We’re in a different world of air travel in 2012. Airlines have upped the ante in the a la carte pricing and fee game, and the Department of Transportation has taken steps to reduce the volume of nefarious fare marketing. American Airlines is now bankrupt, while Malev Hungarian is almost completely out of business and Spirit Airlines is on the full offensive. To put it mildly, the airline industry is a mess.

Despite the chaos, airfare remains competitive, with sub-$300 fares still commonly available from coast to coast and a glut of competition to keep prices low. The sales are fewer and farther between through, and only the savviest of travelers are cashing in on the best tickets. So we’ve compiled the cutting edge in airfare search technology into one simple spot for readers to do their research. The product, we hope, will ultimately save you a few dollars.

1. Check out Kayak’s new search interface.

Make no mistake, Kayak was already the top choice for savvy airfare searchers prior to this year, but as of January 2012 they’ve also made some nice improvements. Most useful perhaps is the flexible searching. From the main flight page on Kayak you can now click on “My Dates are Flexible” and then “Flex month” to get an excellent snapshot of when the cheapest time to fly from point A to point B is. If, for example, you know you want to get away to San Francisco for a few days next month, you can select a starting departure date and your desired duration of travel. The tool will then search for an entire month of flights taking place over your selected duration and then identify the best window for your travel.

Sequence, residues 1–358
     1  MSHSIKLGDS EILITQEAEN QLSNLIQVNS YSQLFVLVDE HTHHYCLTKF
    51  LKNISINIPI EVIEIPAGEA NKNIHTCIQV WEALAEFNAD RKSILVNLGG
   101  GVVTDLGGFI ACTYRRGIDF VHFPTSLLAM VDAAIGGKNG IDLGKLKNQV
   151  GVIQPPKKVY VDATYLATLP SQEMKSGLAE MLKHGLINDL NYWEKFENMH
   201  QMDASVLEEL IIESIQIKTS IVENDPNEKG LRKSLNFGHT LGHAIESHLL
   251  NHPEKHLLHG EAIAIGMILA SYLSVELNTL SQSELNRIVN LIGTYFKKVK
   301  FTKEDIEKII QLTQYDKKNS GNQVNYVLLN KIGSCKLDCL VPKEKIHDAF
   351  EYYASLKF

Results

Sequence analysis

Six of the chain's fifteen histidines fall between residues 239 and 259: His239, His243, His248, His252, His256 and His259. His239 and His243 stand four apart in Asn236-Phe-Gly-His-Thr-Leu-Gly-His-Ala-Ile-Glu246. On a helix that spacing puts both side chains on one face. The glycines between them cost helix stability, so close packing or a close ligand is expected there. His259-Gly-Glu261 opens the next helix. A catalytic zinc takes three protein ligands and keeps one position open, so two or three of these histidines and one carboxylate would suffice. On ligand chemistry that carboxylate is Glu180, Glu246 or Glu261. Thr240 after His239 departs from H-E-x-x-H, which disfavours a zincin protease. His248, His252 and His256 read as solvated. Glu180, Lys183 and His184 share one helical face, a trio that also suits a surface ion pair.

Another nice application that Kayak has is the Explore tool. All that you need to get started with Kayak Explore is your point of origin; the system will populate prices around the planet that meet your criteria thereafter, whether you want a beach, ski or international destination. The result is a clean little application for inspiring travel for those without a destination in mind — all while keeping a healthy budget.

2. Credit cards, points and loopholes.

2011 was the year of points and promotions, a trend well underscored by the explosive growth of The Points Guy and View from the Wing. It’s a culture of budget travel and reward points gaming that the blogs are basically selling, and each site expertly takes you through the variety of tools that the community uses. Primarily, you’ll see a lot of discussion about airline credit cards, many of which allow you to skirt various airline fees such as baggage or rebooking fees while piling on extra miles good for future travel. And though the reward can sometimes be barely worth the credit score and time invested, keeping track of your miles and gaming the system can be a fun and addictive activity.TPG and VFTW are frequently updated blogs and are meant to be digested daily, so they’re best approached with a bookmark and a lunchtime read. Keep an eye on each site and before you know it, you’ll find a promotion that suits you well.

3. The airline fee hopscotch.

There is a fee for almost everything in today’s airline industry, but a few fees hit the broadest swath of travelers so we’ll address them right here in one quick blast. Baggage fee? Pack everything into an onboard carry on. Hungry on the flight? Pack a lunch. Can’t select a seat online? Wait until you reach the airport for a free seat assignment. Want to get boozy on the flight? Bring tiny bottles of alcohol through security. (Update: Our savvy readers have informed us that it’s against FAA regulations to bring 3oz bottles onto a plane. Be careful!)